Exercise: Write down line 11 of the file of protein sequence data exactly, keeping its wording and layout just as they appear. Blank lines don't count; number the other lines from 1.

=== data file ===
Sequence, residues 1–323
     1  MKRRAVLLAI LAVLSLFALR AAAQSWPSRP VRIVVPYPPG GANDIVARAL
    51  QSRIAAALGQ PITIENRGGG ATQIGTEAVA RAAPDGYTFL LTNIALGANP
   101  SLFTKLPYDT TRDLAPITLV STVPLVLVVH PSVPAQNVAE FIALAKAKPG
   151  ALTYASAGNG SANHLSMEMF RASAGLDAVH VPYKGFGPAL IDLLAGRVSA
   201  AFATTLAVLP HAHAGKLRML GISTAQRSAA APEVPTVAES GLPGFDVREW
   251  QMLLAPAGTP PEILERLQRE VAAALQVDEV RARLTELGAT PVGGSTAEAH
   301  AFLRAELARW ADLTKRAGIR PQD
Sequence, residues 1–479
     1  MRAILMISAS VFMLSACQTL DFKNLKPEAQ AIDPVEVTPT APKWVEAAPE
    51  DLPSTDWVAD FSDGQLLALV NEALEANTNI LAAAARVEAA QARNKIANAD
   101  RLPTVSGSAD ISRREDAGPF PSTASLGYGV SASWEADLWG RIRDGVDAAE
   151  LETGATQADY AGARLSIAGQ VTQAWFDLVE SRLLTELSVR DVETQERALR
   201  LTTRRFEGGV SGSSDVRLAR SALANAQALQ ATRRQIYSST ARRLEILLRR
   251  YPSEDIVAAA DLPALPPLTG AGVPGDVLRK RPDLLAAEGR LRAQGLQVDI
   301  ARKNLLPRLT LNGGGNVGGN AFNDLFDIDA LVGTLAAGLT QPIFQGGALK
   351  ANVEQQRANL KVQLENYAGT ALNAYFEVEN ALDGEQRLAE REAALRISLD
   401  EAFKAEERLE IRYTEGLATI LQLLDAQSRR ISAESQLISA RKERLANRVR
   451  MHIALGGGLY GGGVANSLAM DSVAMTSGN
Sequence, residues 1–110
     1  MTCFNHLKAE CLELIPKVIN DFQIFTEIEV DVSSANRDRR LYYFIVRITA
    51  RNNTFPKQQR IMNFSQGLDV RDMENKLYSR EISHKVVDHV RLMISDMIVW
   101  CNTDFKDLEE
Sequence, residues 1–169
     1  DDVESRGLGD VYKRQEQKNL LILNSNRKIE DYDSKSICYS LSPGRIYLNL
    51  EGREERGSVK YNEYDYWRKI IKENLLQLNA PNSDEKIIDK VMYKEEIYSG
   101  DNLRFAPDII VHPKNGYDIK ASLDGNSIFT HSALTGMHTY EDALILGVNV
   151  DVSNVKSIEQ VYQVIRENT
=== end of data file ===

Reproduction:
    51  DLPSTDWVAD FSDGQLLALV NEALEANTNI LAAAARVEAA QARNKIANAD